St.Peter's Brewery, Bungay. PICTURE: Jamie Honeywood

St.Peter's Brewery, Bungay. PICTURE: Jamie Honeywood - Credit: Archant

He does test the beer, however, and is keen to build on the St Peter’s legacy, and develop new beers, as, having come into the business, he feels this deserves attention.

Developing new markets and new beers

“What I found was a very production-led business focusing on serving the customers it had. Really what I have come in it to do is to build up the business and find new customers and develop new beers, because the beer market is moving on apace.

“In essence what I’ll be doing is building on John Murphy’s legacy because St Peter’s led the way. It was all about ‘drink different’.

St.Peter's Brewery, Bungay. PICTURE: Jamie Honeywood

St.Peter's Brewery, Bungay. PICTURE: Jamie Honeywood - Credit: Archant

“That philosophy is more relevant than ever before - we have to meet the consumer trends and demands.”

He feels that as American pale ales, lagers and IPAs are leading the market at the moment, these are areas that the company needs to serve with a range of new ‘pale ale’ style alcoholic and zero alcohol products.

“We can build on unique heritage, but we need to build on the legacy of ‘drink different’. We are launching those at the end of February at an event called Craft Beer Rising at the old Trumans Brewery in London on February 21, 22, 23.

“There’s lots of reasons for doing it. We want to be pioneering. We were quite prescient in doing the zero per cent because that category is now booming. We have been ahead of the curve.”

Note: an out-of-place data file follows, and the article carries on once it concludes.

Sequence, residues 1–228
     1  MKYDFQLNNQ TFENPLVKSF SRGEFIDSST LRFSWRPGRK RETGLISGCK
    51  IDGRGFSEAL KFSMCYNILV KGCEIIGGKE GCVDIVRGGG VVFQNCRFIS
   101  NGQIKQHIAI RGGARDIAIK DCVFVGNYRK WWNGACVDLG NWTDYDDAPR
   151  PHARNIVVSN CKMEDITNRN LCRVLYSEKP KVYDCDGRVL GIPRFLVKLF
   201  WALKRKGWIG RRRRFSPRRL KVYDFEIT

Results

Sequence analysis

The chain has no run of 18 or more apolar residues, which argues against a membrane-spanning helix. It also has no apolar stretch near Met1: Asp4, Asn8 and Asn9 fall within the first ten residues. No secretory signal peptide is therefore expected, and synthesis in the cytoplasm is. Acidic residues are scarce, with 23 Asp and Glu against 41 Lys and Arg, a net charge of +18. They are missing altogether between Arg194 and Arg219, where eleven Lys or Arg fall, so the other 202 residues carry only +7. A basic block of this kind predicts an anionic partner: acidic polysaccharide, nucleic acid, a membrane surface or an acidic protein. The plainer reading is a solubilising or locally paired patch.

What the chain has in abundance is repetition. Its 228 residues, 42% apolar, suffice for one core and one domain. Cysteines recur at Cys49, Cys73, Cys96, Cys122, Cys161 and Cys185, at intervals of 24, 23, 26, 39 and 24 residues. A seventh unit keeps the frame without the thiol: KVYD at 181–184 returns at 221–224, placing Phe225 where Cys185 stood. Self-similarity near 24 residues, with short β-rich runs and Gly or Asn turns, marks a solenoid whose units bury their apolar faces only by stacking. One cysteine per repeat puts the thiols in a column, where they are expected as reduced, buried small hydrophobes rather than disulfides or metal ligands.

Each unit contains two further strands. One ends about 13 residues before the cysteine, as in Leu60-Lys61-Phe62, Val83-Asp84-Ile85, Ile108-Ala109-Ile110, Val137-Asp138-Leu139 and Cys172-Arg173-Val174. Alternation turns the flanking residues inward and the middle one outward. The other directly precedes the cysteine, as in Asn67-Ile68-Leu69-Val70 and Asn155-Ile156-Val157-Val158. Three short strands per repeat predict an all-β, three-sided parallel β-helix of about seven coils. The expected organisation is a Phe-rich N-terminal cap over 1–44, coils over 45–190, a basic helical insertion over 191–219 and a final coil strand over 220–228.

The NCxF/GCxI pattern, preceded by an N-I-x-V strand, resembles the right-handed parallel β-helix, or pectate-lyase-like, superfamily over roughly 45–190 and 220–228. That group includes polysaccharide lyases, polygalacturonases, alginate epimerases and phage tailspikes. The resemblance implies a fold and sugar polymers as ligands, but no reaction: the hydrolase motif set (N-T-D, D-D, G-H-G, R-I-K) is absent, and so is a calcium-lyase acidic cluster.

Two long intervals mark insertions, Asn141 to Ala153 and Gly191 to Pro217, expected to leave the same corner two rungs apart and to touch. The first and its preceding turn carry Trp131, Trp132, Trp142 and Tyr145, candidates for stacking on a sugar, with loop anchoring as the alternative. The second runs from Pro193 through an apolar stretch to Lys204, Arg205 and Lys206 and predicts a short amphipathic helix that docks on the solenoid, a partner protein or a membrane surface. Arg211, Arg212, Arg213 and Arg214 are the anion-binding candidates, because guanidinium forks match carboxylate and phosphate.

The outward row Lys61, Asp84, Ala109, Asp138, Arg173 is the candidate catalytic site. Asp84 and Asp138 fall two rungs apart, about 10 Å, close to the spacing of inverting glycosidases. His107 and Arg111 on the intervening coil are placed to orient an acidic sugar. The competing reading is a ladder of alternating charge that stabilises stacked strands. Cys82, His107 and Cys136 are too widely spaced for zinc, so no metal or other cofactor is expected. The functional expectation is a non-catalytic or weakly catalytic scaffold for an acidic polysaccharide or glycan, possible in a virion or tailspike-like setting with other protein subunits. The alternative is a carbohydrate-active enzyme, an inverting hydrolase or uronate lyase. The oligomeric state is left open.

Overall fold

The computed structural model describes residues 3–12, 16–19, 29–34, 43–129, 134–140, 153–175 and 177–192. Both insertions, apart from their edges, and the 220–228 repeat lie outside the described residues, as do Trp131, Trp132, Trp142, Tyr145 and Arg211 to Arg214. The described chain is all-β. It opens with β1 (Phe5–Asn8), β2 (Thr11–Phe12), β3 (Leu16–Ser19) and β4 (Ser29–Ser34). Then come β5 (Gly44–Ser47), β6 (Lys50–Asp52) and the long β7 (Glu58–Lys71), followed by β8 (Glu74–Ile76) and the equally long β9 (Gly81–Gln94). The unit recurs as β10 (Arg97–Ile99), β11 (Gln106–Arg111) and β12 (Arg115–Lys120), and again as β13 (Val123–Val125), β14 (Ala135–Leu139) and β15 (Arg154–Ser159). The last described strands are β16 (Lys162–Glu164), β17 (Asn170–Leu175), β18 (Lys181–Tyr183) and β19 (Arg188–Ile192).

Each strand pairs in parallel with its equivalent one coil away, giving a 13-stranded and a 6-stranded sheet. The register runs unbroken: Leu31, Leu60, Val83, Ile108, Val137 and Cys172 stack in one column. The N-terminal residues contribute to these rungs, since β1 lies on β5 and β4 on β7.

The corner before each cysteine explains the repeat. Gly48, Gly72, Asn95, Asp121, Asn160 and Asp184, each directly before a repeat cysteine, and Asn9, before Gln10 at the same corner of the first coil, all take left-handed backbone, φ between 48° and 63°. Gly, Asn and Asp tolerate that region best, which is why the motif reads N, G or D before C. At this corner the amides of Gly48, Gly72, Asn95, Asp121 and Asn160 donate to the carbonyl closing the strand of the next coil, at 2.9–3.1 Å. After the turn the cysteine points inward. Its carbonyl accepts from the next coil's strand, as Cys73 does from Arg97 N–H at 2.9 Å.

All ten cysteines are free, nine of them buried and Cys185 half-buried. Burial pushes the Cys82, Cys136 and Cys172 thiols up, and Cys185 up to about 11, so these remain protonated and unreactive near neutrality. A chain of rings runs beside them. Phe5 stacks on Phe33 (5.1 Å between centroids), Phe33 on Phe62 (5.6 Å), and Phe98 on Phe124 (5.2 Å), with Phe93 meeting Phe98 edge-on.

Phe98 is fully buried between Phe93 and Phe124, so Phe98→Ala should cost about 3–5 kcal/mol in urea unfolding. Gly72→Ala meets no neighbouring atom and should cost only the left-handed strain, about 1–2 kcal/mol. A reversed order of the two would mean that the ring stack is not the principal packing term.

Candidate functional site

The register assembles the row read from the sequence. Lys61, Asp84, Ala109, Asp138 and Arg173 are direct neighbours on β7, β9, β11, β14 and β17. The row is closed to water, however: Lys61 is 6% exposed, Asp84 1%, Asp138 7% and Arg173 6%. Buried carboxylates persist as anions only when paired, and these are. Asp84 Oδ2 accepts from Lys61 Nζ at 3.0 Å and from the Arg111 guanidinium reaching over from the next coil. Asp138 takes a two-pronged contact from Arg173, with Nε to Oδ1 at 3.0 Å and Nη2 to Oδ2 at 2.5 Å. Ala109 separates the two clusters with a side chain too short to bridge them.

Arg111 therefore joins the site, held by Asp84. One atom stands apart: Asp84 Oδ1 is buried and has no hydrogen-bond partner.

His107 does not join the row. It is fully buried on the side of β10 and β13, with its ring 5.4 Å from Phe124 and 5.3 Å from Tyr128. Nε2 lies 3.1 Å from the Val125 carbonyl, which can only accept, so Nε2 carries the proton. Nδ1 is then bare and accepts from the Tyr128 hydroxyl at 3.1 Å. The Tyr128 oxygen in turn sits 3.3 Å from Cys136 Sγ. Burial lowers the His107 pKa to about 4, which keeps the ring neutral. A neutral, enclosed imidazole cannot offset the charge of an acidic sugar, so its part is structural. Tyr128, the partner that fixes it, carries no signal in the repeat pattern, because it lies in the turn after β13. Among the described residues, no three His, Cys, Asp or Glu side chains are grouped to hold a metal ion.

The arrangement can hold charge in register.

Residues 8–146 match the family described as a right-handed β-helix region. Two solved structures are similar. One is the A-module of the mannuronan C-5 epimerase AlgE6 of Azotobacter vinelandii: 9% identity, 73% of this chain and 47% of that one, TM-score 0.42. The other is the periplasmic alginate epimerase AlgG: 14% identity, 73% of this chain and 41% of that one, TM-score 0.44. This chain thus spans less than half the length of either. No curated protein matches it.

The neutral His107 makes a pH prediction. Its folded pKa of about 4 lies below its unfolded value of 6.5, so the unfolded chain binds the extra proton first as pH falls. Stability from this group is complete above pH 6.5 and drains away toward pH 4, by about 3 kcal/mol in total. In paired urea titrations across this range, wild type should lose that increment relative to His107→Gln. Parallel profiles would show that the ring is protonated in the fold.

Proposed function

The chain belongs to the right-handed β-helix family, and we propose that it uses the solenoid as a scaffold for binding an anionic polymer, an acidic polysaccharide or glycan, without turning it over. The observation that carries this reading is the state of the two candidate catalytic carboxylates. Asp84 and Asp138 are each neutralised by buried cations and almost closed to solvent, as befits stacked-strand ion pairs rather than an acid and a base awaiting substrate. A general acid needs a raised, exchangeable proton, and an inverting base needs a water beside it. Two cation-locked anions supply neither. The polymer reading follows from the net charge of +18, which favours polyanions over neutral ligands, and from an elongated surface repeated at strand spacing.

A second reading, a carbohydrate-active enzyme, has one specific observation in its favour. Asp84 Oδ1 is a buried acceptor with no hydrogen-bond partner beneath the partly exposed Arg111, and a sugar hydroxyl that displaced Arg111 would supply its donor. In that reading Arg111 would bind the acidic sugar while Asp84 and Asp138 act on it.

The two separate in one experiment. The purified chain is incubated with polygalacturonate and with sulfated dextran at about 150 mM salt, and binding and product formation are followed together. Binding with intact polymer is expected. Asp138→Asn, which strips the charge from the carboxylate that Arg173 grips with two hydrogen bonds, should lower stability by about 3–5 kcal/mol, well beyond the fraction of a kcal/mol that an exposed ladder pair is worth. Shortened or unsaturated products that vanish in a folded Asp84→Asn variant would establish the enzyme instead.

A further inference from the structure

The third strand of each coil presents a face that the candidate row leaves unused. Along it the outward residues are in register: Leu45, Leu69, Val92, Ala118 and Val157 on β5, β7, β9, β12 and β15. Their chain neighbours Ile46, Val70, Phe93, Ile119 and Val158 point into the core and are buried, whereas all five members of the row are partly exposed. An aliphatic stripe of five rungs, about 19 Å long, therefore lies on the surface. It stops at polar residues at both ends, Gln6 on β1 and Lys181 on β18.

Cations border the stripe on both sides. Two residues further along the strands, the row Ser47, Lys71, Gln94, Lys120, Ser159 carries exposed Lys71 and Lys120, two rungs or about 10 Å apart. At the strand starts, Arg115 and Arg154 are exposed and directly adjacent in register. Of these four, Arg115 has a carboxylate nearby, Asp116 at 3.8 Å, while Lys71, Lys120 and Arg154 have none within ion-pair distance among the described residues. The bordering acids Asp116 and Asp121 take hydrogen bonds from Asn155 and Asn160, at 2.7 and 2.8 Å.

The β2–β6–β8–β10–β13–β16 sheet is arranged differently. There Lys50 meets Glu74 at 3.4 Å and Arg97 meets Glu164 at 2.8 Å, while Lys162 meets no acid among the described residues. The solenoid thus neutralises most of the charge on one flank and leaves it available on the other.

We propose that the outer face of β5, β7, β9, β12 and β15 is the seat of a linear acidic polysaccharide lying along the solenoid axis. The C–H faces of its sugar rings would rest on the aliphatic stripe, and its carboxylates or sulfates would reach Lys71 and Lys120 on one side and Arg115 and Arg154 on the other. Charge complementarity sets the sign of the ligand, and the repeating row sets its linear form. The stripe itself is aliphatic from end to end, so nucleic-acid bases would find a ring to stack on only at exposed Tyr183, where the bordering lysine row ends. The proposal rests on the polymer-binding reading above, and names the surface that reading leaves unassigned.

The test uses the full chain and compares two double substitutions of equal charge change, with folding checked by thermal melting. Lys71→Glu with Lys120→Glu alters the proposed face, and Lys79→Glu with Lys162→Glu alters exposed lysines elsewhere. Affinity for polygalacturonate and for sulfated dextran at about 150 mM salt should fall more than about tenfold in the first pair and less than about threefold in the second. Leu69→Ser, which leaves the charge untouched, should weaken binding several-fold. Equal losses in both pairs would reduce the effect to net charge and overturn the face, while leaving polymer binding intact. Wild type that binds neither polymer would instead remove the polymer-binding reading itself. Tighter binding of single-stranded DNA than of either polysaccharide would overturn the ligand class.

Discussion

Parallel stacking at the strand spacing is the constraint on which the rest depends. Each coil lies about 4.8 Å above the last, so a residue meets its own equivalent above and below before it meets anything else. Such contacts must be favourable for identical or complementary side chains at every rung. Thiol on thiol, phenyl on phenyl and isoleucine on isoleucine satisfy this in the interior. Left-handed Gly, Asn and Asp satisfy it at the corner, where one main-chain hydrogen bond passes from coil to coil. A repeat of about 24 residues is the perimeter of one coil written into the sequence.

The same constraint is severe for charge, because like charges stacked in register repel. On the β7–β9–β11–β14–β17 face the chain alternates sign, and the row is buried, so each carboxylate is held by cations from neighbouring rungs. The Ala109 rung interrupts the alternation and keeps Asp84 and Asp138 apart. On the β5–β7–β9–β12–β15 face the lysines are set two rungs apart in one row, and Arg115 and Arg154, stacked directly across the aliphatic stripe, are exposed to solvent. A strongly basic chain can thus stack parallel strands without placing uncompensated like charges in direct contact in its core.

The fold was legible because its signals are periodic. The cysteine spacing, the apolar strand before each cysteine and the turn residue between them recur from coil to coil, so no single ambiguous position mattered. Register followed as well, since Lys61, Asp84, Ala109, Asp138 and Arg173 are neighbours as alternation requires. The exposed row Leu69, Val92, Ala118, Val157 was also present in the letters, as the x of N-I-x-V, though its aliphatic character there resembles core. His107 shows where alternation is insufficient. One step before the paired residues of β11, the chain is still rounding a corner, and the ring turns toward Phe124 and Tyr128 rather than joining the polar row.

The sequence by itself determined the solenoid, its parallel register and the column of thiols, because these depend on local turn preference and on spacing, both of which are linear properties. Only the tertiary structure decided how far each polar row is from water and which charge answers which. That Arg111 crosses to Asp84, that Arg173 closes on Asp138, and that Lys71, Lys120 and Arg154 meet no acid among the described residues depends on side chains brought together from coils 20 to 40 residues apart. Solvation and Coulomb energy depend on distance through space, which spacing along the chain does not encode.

Brexit will be one of the challenges the firm will have to grapple with, but it has already secured a four-year procurement deal with its Spanish bottle supplier to insulate it from some of the potential effects.

“There are certain things we have done and there are certain we can’t do that we would like to do. We have secured deals with our supply routes across Europe, so prices are set and contracts are agreed for a minimum of a year. We have just done those so we are secure through Brexit,” he says.

“What we can’t do however is build up stocks because there’s a short life on the products, and we can’t have stocks held up on stockpiles of ingredients. We have also taken the decision not to action any price increases with our customers.”

John, 49, who has a son, Jack, admits he has always been “very, very driven”, but his latest career move has brought him very close to home.

He comes from farming stock – his late father ran a dairy farm at Wortwell, just down the road from the brewery.

“It was all I wanted to do. I left the farm because it wasn’t viable for us to do,” he says.

He has three brothers, one of whom is his identical twin.

“We now lease the land out to another local farmer. The herd is long gone and my father, Neville, unfortunately died. He was my inspiration, and hopefully I’m Jack’s inspiration. He’s just turned 21.

“When I left school, if someone had said I’ll end up running a brewery I would have said: ‘No way.’ I’m very very proud to be here. It’s very much the pinnacle of my career as far as I’m concerned.”